Signatures of human regulatory T cells: an encounter with old friends and new players
1 Department of Mucosal Immunity, German Research Centre for Biotechnology, Braunschweig, Germany
2 Volkswagen Foundation Junior Research Group, Department of Visceral and Transplant Surgery, Hanover Medical School, Hanover, Germany
3 Department of Vaccinology, German Research Centre for Biotechnology, Braunschweig, Germany
4 Department of Urology, Philipps-University Medical School, Marburg, Germany
5 Department of Hematology and Oncology, Hanover Medical School, Hanover, Germany
6 Institute of Medical Microbiology, Hanover Medical School, Hanover, Germany
Genome Biology 2006, 7:R54 doi:10.1186/gb-2006-7-7-r54Published: 12 July 2006
Naturally occurring CD4+CD25+ regulatory T cells (TReg) are involved in the control of autoimmune diseases, transplantation tolerance, and anti-tumor immunity. Thus far, genomic studies on TReg cells were restricted to murine systems, and requirements for their development, maintenance, and mode of action in humans are poorly defined.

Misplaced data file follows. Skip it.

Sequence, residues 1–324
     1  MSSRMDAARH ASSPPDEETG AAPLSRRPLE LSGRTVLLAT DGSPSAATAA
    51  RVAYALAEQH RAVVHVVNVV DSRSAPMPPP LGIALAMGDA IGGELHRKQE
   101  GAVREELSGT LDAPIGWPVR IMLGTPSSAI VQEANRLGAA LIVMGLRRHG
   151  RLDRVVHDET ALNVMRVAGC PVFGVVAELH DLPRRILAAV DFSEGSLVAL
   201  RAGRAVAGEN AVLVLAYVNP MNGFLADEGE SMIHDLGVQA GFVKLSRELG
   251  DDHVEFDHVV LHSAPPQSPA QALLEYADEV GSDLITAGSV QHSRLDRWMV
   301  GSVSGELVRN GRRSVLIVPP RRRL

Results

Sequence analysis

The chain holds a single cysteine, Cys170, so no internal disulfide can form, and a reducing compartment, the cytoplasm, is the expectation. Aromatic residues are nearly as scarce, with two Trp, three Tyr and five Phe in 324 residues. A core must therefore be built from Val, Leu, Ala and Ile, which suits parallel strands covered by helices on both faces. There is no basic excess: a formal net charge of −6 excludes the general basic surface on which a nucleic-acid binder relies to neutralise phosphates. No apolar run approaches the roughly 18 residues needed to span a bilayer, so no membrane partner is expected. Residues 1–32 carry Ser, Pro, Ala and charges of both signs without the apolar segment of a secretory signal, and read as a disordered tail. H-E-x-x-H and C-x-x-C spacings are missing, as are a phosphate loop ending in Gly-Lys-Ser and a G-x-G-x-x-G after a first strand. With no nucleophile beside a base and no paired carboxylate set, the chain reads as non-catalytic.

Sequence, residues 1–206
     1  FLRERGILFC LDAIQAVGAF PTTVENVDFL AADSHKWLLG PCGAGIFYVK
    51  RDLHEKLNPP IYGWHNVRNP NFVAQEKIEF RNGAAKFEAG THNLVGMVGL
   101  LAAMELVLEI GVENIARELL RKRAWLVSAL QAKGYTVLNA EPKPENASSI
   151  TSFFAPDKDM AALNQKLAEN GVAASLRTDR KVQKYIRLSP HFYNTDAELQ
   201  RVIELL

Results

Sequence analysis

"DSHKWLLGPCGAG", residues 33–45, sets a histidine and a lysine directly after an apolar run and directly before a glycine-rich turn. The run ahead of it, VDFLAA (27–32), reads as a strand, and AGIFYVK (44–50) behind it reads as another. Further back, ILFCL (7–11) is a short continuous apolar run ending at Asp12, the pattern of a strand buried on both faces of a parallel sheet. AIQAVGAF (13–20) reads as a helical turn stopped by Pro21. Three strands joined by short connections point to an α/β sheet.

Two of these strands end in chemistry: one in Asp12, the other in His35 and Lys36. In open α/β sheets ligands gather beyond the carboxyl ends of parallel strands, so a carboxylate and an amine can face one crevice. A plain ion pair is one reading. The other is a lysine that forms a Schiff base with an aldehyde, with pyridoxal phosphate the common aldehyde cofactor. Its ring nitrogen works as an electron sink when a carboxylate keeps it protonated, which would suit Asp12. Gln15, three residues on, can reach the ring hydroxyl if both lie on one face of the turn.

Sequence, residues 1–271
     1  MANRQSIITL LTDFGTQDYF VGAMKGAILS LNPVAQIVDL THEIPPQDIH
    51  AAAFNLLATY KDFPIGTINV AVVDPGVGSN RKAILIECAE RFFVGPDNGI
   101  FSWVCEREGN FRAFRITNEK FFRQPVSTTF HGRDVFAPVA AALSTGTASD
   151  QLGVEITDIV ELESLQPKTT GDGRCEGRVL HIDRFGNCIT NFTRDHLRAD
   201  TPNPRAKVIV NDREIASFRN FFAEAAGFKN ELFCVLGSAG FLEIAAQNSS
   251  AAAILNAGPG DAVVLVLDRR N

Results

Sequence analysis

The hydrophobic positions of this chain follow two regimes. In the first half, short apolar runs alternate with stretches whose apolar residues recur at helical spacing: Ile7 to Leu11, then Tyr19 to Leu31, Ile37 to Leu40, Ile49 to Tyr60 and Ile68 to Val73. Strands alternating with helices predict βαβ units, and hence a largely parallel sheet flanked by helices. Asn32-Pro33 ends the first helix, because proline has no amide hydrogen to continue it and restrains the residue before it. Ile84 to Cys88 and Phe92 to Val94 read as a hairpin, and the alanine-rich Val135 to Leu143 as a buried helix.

To improve characterization of human TReg cells, we compiled a unique microarray consisting of 350 TReg cell associated genes (Human TReg Chip) based on whole genome transcription data from human and mouse TReg cells. TReg cell specific gene signatures were created from 11 individual healthy donors. Statistical analysis identified 62 genes differentially expressed in TReg cells, emphasizing some cross-species differences between mice and humans. Among them, several 'old friends' (including FOXP3, CTLA4, and CCR7) that are known to be involved in TReg cell function were recovered. Strikingly, the vast majority of genes identified had not previously been associated with human TReg cells (including LGALS3, TIAF1, and TRAF1). Most of these 'new players' however, have been described in the pathogenesis of autoimmunity. Real-time RT-PCR of selected genes validated our microarray results. Pathway analysis was applied to extract signaling modules underlying human TReg cell function.
The comprehensive set of genes reported here provides a defined starting point to unravel the unique characteristics of human TReg cells. The Human TReg Chip constructed and validated here is available to the scientific community and is a useful tool with which to study the molecular mechanisms that orchestrate TReg cells under physiologic and diseased conditions.